Dispelling the Greatest Myths Surrounding NFL Training Camps
The demystification of training camp in the National Football League is currently being unveiled like never before.
With the annual production of HBO’s Hard Knocks and social media platforms such as Twitter, unprecedented access has been granted inside the unknown.
These newly uncovered truths, though entertaining and valuable, can also be delivered half-spoken. They can even be misleading by way of selective editing, rumors or over-dramatizations perpetuating certain myths regarding summertime in the NFL.
Training Camp is an Essential Part of a Great Season
This perception may seem like a forgone conclusion. However, my research on the matter seemed to turn up some surprising results. In reality, there were several instances where players would produce career years in seasons where the valuable grind of training camp was not a part of the equation. This is based off of research I did for a previous article.
According to this research, of all positions besides the quarterback, wide receivers seemed to be the most dependent on training camp in order to perform at the highest level. In all other cases, camp in August seemed to have no positive effect on seasonal performance.
For those who believe training camp helps ready the body for a grueling season of gridiron violence, there seems to be some truth to that—but perhaps not as much as once believed. When comparing players who missed training camp that year and got injured versus years they participated in camp, the data showed that there was a significantly greater chance of missing time due to an injury during that campless year.
However, the data also revealed that those who play an NFL season without training camp have roughly a three-in-four chance of not missing a single game.
This indicates that players who miss training camp are not only likely to stay healthy, but they can also put up record-breaking numbers—see Exhibit A, J.J. Watt, or Exhibit B, Adrian Peterson.
This is the Time for Guys to Become Better Tacklers
Truth be told, there’s only a few opportunities in training camp for defenders to tackle anyone at full speed. Nearly every drill of every practice throughout the summer is done at “thud tempo.” This means defenders are not allowed to leave their feet or take the ball-carrier down in any way. The only permissible contact allowed is a light bump or “thud” with the shoulder pad as the runner continues to past you, hence the name “thud tempo.”
The only real chance a guy has to work on his tackling skills comes in the preseason games. The problem is in-game moments to make a tackle are typically limited to a quarter of action, if that. Such time constraints tend to limit tackling opportunities to perhaps a few times a contest.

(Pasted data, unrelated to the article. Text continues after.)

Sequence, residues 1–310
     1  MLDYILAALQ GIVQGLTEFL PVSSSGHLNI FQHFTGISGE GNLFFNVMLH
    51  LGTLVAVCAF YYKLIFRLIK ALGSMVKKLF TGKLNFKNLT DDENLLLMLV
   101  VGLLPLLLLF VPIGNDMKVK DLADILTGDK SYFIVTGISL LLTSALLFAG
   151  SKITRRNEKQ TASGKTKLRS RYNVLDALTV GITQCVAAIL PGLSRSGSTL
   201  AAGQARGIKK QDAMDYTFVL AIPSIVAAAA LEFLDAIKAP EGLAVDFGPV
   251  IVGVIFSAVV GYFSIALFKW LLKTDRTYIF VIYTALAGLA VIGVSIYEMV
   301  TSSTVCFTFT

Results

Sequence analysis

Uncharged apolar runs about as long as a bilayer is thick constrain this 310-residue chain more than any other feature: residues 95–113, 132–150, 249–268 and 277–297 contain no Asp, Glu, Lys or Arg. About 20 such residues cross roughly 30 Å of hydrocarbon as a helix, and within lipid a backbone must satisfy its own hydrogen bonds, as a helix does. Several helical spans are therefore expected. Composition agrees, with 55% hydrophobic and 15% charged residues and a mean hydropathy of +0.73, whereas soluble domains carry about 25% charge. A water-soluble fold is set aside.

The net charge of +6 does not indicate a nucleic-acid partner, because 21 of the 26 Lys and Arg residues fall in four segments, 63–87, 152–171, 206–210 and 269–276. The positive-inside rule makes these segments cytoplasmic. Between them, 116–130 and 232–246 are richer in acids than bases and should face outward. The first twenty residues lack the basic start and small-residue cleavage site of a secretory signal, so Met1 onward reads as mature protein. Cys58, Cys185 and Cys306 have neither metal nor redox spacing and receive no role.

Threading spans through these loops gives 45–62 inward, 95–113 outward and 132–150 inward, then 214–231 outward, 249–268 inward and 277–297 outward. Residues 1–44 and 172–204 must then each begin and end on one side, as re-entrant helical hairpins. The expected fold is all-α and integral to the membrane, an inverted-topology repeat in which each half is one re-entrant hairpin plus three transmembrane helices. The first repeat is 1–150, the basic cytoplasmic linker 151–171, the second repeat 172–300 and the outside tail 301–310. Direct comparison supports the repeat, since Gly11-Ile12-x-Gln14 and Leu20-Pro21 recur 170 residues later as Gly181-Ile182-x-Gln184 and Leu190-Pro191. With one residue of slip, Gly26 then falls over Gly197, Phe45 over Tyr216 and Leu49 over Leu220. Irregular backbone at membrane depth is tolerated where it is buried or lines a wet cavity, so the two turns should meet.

This may help explain why NFL defenders are surprisingly poor tacklers. In fact, this phenomenon only appears to be getting worse.
It seems odd that training camps around the league would neglect such a fundamental aspect of the sport. It appears that the fear of injuries to key players significantly overrides any desire to become a team equipped with technically sound tacklers.
So, the next time you hear about an NFL team focusing on tackling in training camp, ask yourself whether or not this focus involves taking a player to the ground with any regularity and the answer is almost guaranteed to be a resounding “no.”
Tackling in an NFL practice is a rare event, limited to only a few drills throughout the course of a summer. This is hardly an adequate amount of repetitions for anyone to shake off the rust of an offseason without pads, let alone improve upon a critical point of emphasis.
The Conditioning Test is Difficult
I remember during my rookie season how much anxiety I had about facing the conditioning test at the start of training camp. This was something coaches had talked about off and on as we prepared to take our vacation in July.
Players are constantly warned about not failing this test.
Considering the concept was specifically designed to assess the condition levels of some of the greatest athletes in the world, I was anticipating one of the biggest challenges of attrition in my entire life. Fortunately, the reality of the test was far less intimidating than I anticipated.